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Mine was driven 200 miles from a dealer transfer down the freeway so probably royally F'd for life. :p
RIP ike's car... :(

Yeah right. Like that think was babied at all during that drive...
 

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You can also use the paddle shifters to switch between gears. I'm not an engineer, but one of the reasons I think you want to vary the RPMs during break in is: A) to put the engine through varying heat cycles, and B) because the connecting rods stretch a little bit. At higher RPMs, they stretch more, obviously. When the rings wear into the cylinder walls, they create a ridge at the top. If you stay at low RPMs the entire time the engine is wearing the most, this ridge will be lower than if you run it at a higher RPM more often. Imagine what happens if you let it create this lower ridge, then once you are satisfied that it's past it's gentle break in period and you jump on the throttle. The rods will stretch, the rings will slam into that ridge, and they won't be happy about it.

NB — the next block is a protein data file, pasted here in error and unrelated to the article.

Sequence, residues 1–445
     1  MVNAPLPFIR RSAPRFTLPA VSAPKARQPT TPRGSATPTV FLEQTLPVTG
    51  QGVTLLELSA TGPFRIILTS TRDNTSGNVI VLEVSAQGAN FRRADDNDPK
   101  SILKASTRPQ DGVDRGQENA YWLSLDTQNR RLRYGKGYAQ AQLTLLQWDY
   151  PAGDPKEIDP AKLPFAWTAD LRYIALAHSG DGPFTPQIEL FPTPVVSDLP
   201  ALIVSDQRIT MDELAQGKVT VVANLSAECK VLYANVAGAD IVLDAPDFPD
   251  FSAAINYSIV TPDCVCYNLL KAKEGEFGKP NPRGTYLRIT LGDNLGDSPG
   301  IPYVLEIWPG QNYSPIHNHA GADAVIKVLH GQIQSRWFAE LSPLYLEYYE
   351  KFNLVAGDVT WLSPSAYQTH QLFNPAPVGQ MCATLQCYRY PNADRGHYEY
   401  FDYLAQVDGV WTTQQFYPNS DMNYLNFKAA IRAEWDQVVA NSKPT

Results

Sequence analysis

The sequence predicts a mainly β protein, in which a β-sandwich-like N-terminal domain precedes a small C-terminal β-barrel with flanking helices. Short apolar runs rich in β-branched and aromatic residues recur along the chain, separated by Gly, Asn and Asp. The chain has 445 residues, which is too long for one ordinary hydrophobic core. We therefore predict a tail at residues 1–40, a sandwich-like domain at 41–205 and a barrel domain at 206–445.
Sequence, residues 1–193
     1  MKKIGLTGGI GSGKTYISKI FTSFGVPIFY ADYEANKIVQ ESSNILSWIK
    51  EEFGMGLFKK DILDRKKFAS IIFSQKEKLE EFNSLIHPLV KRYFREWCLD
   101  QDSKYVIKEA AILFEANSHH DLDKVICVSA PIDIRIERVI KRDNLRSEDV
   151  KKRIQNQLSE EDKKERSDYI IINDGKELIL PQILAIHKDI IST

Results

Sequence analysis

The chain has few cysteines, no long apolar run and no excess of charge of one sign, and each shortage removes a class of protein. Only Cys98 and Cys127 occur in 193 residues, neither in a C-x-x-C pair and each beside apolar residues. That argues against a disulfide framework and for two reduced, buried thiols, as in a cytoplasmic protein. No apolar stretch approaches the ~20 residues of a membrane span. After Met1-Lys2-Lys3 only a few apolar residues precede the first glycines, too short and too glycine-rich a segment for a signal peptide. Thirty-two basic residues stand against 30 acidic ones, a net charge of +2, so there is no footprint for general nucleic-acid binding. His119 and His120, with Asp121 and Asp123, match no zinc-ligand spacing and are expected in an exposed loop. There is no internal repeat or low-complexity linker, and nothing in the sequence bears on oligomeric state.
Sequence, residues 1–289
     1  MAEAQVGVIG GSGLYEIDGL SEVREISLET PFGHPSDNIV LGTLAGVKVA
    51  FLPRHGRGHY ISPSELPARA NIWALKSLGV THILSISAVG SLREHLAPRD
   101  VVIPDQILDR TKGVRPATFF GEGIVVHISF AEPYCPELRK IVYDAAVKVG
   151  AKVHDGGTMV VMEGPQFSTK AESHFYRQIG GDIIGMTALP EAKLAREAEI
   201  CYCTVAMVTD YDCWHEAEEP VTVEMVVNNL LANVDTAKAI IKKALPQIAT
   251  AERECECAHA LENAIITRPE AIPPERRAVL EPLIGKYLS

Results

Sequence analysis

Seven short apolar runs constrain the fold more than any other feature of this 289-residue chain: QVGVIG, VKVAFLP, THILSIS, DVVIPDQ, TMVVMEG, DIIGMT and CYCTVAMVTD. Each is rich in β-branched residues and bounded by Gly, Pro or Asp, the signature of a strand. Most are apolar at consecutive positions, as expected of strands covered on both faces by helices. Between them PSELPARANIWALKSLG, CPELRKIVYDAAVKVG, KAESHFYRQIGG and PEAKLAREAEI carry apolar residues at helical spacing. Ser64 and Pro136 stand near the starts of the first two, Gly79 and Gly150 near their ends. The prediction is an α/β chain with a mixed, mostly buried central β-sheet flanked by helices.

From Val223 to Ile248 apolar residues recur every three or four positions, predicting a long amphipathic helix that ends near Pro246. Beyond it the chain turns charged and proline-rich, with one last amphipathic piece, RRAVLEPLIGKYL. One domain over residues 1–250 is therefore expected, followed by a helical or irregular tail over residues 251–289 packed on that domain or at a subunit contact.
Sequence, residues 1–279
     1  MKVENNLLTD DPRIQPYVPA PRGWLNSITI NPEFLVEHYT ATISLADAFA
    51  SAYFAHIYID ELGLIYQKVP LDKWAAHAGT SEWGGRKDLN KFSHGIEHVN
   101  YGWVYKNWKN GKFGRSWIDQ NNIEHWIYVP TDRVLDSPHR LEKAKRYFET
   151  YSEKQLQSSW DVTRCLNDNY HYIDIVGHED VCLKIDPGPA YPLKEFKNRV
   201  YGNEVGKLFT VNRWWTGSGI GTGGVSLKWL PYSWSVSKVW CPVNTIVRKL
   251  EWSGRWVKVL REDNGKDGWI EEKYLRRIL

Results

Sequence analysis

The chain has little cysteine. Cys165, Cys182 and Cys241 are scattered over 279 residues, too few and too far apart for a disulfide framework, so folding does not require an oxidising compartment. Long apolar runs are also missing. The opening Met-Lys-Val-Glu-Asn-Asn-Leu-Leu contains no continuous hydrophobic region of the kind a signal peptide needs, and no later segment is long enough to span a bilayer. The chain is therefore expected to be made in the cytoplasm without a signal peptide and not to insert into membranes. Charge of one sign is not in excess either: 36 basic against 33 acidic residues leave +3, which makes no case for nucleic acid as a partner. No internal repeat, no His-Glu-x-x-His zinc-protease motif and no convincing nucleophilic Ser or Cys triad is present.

You can also do this, but you want to be careful and monitor what the RPMs are in a lower gear. You do not want to have it at sustained RPMs over 4000.

For reference, I am an engineer, and pretty much what is said above by BOT is correct, just don't sustain the high RPMs.
 

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He explains his reasonings quite well. He does seem to have some valid information to back it up too.
Unfortunately There is no way I kept her under 4000 rpms and half Throttle for the first 1000 miles. But I'd say it was all in moderation, not like I was doing WOT every time out. Got close to 6000 miles now, started running tune around 2500 or so(93 octane Unleased tune) and she runs great. No matter what happens to my or anyone else's car in the future you'll never know if it had anything to do with how you did your break-in. So choose a break-in technique your comfortable with and never look back or bother worrying about it and enjoy your new car.